A lobbyist tries to incite hatred against China. Walter "Bird" McIntyre is a lobbyist for defense giant Groepping-Sprunt who lives in a countryside estate with his wife, an equestrienne trying out for the US Equestrian team, his senile mother, her vastly overweight caretaker, and his brother Bewks, a Confederate Civil War cavalry re-enactor. When Groepping-Sprunt's proposed drone project gets shot down by Congress, Groepping-Sprunt CEO "Chick" Devlin gives Bird a mission: foment bad feelings against China so Groepping-Sprunt's next secret project, "Taurus," can pass through Congress. Bird sets up a fake lobbying group called Pan-Pacific Solutions and enlists the help of militant neocon Angel Templeton, who runs a group of lobbyists dedicated to American military strength and warfare. Bird's mission is helped along by the Dalai Lama, exiled spiritual leader of Tibet, who is diagnosed with terminal brain cancer. Bird and Angel plant a fake story that the Chinese were involved with the Dalai Lama's sickness, which draws an angry response from the Chinese. Then, the Dalai Lama dies in a hospital in Cleveland, and the issue arises of whether or not the Chinese will let the other lamas bury the Dalai Lama in Tibet, according to their tradition. Bird and Angel have another angle, since the Chinese refuse, sparking more outrage against the Chinese. As tensions between the United States and China grow, Bird's wife, Myndi, makes the equestrian team, but is worried that their next competition, the Tang Cup in China, will be cancelled. Bird and Angel move from a working relationship to a sexual relationship as they continue to plant stories, including one that the Chinese poisoned the Dalai Lama in his hospital bed in Cleveland. The Chinese sink a Taiwanese fishing vessel they claim was spying on them, the Americans offer to bury the Dalai Lama in Arlington Cemetery, and the Tang Cup is cancelled. As all this is happening, a newspaper reporter breaks the story that Bird and Angel were responsible for the original stories against the Chinese, and that they are sleeping together. Myndi leaves Bird, who hits a deer and is nursed back to health by his brother and Angel. After his accident and his role in all of the events, Bird undergoes a transformation, delving deeper into Buddhism. He swears off violence and lobbying, becoming something of a philosopher in the process - which causes Angel, who liked the old Bird, to leave.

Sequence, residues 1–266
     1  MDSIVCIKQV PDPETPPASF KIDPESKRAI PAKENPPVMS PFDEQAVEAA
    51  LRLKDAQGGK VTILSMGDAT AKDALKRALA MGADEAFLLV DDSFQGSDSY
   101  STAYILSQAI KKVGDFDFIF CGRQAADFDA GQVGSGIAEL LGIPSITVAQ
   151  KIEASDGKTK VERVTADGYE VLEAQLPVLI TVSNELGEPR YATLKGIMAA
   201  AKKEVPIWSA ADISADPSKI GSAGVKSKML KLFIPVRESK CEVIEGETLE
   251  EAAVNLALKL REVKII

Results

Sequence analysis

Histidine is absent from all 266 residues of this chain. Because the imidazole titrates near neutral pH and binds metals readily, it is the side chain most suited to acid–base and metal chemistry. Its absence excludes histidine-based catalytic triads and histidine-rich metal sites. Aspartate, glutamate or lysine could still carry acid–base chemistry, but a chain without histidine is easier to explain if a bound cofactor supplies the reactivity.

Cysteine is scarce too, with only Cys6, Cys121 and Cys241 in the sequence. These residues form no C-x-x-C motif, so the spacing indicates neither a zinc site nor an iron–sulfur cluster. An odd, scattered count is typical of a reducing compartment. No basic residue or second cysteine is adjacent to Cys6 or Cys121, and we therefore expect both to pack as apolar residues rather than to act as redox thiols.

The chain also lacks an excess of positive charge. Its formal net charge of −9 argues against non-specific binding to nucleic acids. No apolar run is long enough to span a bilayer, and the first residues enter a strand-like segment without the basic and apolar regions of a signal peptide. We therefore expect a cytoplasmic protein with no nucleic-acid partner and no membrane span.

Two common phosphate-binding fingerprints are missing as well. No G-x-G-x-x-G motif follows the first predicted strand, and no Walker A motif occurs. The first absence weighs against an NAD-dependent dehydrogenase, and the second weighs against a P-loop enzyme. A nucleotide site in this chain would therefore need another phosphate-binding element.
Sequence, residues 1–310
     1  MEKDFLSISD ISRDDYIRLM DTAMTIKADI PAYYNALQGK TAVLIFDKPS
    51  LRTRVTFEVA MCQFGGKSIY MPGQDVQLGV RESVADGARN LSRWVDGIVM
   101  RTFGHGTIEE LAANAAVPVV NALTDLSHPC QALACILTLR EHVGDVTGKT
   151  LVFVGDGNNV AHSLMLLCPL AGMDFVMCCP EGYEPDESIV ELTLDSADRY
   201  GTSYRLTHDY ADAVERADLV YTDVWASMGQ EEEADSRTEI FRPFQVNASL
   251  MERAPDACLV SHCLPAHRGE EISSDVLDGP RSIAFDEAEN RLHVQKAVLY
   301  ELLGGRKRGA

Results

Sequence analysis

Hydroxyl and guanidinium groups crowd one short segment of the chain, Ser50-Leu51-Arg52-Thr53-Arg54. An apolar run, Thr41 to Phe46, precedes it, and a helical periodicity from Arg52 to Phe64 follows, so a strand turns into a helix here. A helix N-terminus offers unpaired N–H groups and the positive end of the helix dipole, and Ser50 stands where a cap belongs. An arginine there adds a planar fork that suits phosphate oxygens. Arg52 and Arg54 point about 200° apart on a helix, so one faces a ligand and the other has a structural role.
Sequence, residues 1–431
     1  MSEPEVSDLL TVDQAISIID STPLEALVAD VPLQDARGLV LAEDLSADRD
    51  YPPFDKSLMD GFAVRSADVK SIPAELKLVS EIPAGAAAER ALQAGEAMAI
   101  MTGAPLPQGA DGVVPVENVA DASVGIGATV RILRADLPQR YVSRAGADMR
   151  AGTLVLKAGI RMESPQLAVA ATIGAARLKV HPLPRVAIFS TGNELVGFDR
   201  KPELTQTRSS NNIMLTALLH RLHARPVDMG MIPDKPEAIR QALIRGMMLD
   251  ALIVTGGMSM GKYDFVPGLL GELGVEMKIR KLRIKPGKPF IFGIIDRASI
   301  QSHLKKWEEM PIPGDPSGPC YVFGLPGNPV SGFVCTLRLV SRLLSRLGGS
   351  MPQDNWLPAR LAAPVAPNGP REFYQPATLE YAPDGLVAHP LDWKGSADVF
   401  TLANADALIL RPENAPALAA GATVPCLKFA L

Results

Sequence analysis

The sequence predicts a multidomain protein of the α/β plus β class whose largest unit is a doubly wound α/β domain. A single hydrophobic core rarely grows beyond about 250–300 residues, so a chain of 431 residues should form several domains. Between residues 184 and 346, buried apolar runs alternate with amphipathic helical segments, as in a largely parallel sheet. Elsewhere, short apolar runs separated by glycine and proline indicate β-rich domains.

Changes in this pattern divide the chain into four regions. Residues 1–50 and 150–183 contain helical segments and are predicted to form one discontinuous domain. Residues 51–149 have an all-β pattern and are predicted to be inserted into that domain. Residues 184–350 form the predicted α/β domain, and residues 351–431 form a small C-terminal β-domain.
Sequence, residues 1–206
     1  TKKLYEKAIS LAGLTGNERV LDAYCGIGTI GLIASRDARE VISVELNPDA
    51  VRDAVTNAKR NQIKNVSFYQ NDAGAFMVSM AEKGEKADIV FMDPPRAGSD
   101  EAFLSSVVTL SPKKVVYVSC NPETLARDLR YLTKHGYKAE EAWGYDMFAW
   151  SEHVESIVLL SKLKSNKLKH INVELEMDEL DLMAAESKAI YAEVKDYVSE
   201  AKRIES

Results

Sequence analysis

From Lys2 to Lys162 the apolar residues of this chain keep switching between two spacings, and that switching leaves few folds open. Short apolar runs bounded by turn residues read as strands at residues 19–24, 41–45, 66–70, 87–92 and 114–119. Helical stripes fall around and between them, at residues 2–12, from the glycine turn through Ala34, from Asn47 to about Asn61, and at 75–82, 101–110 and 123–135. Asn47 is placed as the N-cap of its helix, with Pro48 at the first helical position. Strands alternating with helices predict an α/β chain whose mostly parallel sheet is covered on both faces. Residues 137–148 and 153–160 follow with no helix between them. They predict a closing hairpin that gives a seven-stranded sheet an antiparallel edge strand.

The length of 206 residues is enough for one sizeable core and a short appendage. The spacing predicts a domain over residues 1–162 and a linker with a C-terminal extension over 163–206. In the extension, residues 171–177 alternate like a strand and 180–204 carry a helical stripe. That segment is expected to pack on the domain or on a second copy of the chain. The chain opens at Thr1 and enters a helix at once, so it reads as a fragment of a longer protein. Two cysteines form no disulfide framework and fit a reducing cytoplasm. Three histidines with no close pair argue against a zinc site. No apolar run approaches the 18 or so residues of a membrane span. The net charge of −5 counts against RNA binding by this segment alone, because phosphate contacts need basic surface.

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Best part of story, including ending:
Buckley is the master of revealing and making fun of politics, lobbying, and other assorted - and sordid - things revolving around Washington, DC. He takes an international incident, one that could conceivably happen, and pokes fun at it with his characters, each one representing something of a caricature of actual people.
Best scene in story:
I enjoyed the scene after Bird's accident where he is recuperating at his home, and his brother Bewks enlists his fellow re-enactors, the Fifty-Sixth Virginia Cavalry, to literally guard Bird's home against reporters by pointing their muskets and cannon at them.
Opinion about the main character:
While Bird has reservations about what he and Angel are doing, both with each other and with the Chinese, his transformation to an enlightened Buddhist at the end of the book comes off very sudden - though a large part of it might be shock or stress from his accident.